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L1CAM/Neuroglian controls the axon-axon interactions establishing layered and lobular mushroom body architecture.

Siegenthaler D, Enneking EM, Moreno E, Pielage J - J. Cell Biol. (2015)

Bottom Line: We demonstrate that the Drosophila melanogaster L1CAM homologue Neuroglian mediates adhesion between functionally distinct mushroom body axon populations to enforce and control appropriate projections into distinct axonal layers and lobes essential for olfactory learning and memory.For functional cluster formation, intracellular Ankyrin2 association is sufficient on one side of the trans-axonal complex whereas Moesin association is likely required simultaneously in both interacting axonal populations.Together, our results provide novel mechanistic insights into cell adhesion molecule-mediated axon-axon interactions that enable precise assembly of complex neuronal circuits.

View Article: PubMed Central - HTML - PubMed

Affiliation: Friedrich Miescher Institute for Biomedical Research, 4058 Basel, Switzerland University of Basel, 4003 Basel, Switzerland.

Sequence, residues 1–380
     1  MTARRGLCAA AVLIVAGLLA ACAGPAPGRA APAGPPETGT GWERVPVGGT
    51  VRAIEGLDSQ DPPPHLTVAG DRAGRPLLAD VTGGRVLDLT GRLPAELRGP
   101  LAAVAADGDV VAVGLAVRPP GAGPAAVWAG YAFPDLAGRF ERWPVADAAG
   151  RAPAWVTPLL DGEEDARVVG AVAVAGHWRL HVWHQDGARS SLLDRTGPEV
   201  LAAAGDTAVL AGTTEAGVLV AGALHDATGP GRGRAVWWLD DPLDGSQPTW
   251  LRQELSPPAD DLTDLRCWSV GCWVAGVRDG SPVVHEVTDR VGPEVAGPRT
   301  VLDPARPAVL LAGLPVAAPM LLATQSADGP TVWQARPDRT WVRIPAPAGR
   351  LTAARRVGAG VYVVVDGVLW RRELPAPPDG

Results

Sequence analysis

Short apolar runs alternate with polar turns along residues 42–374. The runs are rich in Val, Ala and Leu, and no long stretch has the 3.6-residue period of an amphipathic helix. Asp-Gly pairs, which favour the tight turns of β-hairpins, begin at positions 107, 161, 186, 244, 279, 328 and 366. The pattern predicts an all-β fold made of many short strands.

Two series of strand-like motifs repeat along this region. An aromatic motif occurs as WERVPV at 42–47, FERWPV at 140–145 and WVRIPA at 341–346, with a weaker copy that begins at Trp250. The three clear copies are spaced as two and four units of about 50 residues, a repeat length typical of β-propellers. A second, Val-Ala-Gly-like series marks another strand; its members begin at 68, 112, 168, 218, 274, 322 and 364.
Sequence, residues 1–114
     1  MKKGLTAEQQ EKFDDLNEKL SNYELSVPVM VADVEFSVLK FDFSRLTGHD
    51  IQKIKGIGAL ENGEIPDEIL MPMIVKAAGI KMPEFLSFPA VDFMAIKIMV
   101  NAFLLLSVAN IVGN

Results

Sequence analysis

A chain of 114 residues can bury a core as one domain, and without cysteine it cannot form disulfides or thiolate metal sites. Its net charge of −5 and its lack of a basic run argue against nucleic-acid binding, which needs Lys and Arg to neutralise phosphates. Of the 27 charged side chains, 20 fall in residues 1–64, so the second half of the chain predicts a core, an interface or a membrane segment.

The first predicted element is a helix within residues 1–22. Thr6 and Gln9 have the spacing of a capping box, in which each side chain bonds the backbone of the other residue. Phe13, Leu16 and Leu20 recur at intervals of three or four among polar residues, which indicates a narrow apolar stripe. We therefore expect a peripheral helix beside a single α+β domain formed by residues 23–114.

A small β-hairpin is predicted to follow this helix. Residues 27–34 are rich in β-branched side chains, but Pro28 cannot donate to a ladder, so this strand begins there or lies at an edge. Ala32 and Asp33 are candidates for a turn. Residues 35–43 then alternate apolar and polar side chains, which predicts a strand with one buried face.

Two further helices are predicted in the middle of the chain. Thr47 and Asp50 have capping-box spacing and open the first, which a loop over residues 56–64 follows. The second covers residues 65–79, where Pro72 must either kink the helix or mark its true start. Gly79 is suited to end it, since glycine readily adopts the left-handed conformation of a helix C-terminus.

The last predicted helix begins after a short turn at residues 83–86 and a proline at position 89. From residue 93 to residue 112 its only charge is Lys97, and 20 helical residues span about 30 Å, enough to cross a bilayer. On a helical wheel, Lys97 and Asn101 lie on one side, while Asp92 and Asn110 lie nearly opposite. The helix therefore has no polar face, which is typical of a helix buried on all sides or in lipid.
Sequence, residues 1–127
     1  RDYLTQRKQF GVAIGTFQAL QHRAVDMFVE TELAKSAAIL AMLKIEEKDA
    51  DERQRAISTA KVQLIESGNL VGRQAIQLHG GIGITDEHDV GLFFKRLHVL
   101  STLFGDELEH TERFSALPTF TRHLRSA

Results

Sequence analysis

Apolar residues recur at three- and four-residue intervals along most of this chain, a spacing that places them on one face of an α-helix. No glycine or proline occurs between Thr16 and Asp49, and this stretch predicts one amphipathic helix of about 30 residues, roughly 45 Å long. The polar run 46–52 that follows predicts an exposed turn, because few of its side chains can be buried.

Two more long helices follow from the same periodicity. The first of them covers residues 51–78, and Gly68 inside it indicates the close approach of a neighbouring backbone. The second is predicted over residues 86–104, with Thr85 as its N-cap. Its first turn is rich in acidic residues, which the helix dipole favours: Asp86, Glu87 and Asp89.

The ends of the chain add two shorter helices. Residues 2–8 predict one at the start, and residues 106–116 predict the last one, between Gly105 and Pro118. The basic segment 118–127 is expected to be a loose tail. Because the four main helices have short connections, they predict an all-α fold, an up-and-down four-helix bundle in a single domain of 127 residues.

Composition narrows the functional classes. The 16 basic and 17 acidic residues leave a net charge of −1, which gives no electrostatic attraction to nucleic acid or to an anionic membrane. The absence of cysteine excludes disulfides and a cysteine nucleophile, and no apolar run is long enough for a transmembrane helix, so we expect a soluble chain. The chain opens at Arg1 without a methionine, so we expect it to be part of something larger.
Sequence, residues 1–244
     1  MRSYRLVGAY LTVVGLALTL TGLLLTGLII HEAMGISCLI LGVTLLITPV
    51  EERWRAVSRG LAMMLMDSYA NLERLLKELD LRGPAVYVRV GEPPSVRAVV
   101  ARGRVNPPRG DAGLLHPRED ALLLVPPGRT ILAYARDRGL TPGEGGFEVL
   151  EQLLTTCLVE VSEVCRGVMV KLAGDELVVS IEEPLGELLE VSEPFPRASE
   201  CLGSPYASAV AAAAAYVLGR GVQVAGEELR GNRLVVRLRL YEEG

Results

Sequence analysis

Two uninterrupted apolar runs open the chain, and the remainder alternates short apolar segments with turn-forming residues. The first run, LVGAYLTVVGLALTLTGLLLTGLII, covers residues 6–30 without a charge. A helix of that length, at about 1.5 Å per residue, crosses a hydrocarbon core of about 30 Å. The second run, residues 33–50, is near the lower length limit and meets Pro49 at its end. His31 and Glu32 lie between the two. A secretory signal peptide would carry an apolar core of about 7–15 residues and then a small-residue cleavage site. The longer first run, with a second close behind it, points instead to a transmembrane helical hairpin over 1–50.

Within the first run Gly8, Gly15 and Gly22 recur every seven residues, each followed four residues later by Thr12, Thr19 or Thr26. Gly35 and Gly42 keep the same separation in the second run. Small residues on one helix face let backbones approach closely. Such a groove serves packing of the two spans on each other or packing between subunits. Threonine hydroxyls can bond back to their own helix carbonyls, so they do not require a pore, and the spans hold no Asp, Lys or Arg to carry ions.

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Trans-axonal control of pedunculus and lobe formation. (A–D) Frontal projections of posterior (top) and anterior regions (middle) of MBs marked by Trio (magenta; α’β’, high; and γ, low). Bottom panels show cross-sections of the pedunculus stained for Trio (magenta) and Dlg (green). Bars: (top) 20 µm; (bottom) 2.5 µm. (A’–D’) Top panels show frontal projections of entire MBs marked by FasII (green; αβ, high; and γ, low). Schematics summarize axonal projection phenotypes. Bars, 20 µm. (A) In control nrg14; P[nrg_wt] animals, Trio-positive axons of α’β’ and γ neurons project into anterior lobes. Within the pedunculus, γ, α’β’, and αβ axons are clearly segregated into distinct concentric layers. (A’) αβ axons form medial and vertical lobes. (B) In nrg14; P[nrg180_ΔFIGQY] mutant animals, α’β’ axons fail to project into the pedunculus and form aberrant ball-like projections in the posterior brain. Only γ neurons (also Trio positive; imaged at higher gain settings compared with controls) form anterior lobes. (B’) αβ axons fail to form anterior lobes and form aberrant projections in the posterior brain. (C) Expression of wild-type Nrg180 in α’β’ neurons of nrg14; P[nrg180_ΔFIGQY] mutants restores anterior projections of α’β’ neurons. Minor perturbations of axonal layer organization are evident in the pedunculus. (C’) In these animals, projections of αβ mutant axons are also efficiently rescued and αβ lobes form next to the wild-type Nrg180-expressing α’β’ lobes (asterisk in C). (D) Expression of wild-type Nrg180 in γ neurons of nrg14; P[nrg180_ΔFIGQY] mutants also rescues α’β’ projections. Pedunculus cross-sections reveal aberrant organization of axonal layers, with mutant αβ axons inappropriately in contact with γ axons (arrow). (D’) In these animals, αβ axons grow into the pedunculus to the pedunculus divide (heel, arrow) but fail to form medial or vertical lobes (note the altered appearance of α’β’ lobes in D due to the absence of αβ lobes, indicated by the asterisk). (E) Quantification of α’β’ phenotypes (n = 24, 55, 18, and 30, respectively, in the order of the genotypes indicated). (F) Quantification of αβ phenotypes (n = 44, 61, 69, and 36, respectively, in the order of the genotypes indicated). (G–J and G’–J’) Frontal projections of entire MBs. (G and G’) In nrg14; P[nrg_ΔFERM] mutant animals, axons of α’β’ and αβ neurons form aberrant ball-like projections in the posterior brain and fail to form anterior lobes. (H and H’) Expression of wild-type Nrg180 in α’β’ neurons of nrg14; P[nrg_ΔFERM] mutants does not rescue the MB phenotype. (I and I’) Expression of wild-type Nrg180 in γ neurons of nrg14; P[nrg_ΔFERM] mutants does not rescue the MB phenotype. (J and J’) Expression of wild-type Nrg180 in all MB neurons efficiently rescues axonal projections. Bars, 20 µm. (K) Quantification of the α’β’ phenotypes (n = 44, 61, 28, 31, and 24, respectively, in the order of the genotypes indicated). (L) Quantification of the αβ phenotypes (n = 102, 82, 65, 48, and 30, respectively, in the order of the genotypes indicated).